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Ravn Air Group, whose airlines connect the far reaches of Alaska, filed for Chapter 11 bankruptcy after it ran out of cash to pay staff and keep its planes flying.
Passenger revenues from the company’s three airlines fell as much as 90% after Alaska’s governor announced the first case of COVID-19 in the state last month, Chief Financial Officer John Mannion said in a court declaration. By the end of March, Ravn didn’t have enough cash to make payroll, and on April 5 the state’s biggest regional carrier laid off most of its employees.
Ravn, owned by J.F. Lehman & Co. and W Capital Partners, canvassed lenders for additional financing in recent weeks but came up mostly empty. The Anchorage-based carrier sought help from state and federal governments in the form of loans, equity investments and grants — including applying for relief under the CARES Act — but none of the aid would’ve been available by the time the company ran out of cash, Mannion said.
Ravn is on the leading edge of distress that’s spreading in the aviation industry as the coronavirus curbs travel around the globe. Lawmakers have said the $2.2 trillion stimulus passed by Congress contains provisions specifically at bolstering aviation jobs, while Treasury Secretary Steven Mnuchin has said airlines should propose up-front how the government could retain equity stakes in their operations in exchange for grants.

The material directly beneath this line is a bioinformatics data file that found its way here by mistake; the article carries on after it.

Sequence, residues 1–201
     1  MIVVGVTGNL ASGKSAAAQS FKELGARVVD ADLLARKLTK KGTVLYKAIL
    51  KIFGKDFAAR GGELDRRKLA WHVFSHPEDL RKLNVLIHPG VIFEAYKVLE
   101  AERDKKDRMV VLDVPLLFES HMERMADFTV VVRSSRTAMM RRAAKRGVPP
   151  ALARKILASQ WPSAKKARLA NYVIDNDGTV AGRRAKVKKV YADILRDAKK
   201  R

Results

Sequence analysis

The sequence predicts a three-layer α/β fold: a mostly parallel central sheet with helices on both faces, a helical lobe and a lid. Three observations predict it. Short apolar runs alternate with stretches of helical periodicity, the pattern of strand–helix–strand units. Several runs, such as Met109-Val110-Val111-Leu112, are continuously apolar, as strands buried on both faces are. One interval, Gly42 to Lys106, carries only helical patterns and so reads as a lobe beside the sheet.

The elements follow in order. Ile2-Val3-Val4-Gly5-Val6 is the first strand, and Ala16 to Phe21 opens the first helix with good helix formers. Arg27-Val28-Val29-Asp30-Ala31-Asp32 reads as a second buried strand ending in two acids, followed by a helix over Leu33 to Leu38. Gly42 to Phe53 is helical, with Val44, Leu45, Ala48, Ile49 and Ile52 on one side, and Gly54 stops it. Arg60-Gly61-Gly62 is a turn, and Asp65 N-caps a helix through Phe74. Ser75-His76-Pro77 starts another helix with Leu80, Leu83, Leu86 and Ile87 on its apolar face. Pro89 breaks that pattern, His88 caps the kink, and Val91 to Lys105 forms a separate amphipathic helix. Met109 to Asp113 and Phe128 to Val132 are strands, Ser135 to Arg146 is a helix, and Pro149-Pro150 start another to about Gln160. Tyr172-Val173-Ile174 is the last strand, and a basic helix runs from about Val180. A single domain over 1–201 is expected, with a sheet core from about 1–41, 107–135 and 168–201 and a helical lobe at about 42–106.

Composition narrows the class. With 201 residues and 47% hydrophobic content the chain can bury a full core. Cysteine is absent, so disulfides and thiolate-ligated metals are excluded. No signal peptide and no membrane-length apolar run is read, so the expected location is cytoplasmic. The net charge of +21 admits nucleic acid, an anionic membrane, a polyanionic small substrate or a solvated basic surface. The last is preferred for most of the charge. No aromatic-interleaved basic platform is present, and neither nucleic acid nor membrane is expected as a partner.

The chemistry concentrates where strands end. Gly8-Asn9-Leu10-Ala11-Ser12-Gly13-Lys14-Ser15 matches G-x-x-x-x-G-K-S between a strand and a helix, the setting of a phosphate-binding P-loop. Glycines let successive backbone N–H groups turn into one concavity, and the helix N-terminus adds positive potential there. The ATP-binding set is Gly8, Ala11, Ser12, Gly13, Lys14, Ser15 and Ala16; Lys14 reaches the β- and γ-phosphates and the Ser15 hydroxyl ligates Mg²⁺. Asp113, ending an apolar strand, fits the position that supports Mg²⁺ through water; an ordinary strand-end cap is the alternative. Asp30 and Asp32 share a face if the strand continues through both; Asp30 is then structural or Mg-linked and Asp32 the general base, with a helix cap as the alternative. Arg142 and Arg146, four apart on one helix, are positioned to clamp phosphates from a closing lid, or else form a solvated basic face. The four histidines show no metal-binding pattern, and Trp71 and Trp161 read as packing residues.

Ravn had more than 1,300 employees and carried more than 740,000 passengers annually before suspending operations. The company owns 72 airplanes that made as many as 400 daily flights, court papers show. Ravn’s fleet of small aircraft shuttled people, mail and cargo to more than 110 communities including Fairbanks and Kodiak, as well as remote areas such as Deadhorse on Alaska’s harsh North Slope, home to vast oil industry operations.
The bankruptcy filing allows Ravn to “hit pause” while it waits for financial aid that would help it restart operations, the company said in a statement. The company has been in contact with other Alaskan air carriers to help them establish new or replacement service where possible, according to the statement.
The company owes about $91 million to lenders who have a claim on assets, court papers show. Some of those same lenders have agreed to provide as much as $12 million in additional financing to carry out the bankruptcy.
Ravn listed assets and liabilities of at least $100 million each in its bankruptcy petition in Delaware. Ravn hopes to get rescue financing either from the CARES Act or otherwise and restart operations, Mannion said.
J.F. Lehman, with offices in New York and Washington, specializes in aerospace investments. New York-based W Partners takes equity positions by purchasing stakes from single holders of growth equity stage companies, according to its website.
Because of Alaska’s harsh winters, the business is highly seasonal and depends on strong results during summer and autumn, Ravn said. Bookings dropped dramatically after the state’s governor announced the outbreak had reached Alaska on March 12, and Ravn “began receiving demands from rural hubs and villages around Alaska not to fly passengers to or from their communities.” The state issued a March 20 advisory against non-essential travel, and cash flow quickly turned negative.
The case is Ravn Air Group Inc., 20-10755, U.S. Bankruptcy Court for the District of Delaware.
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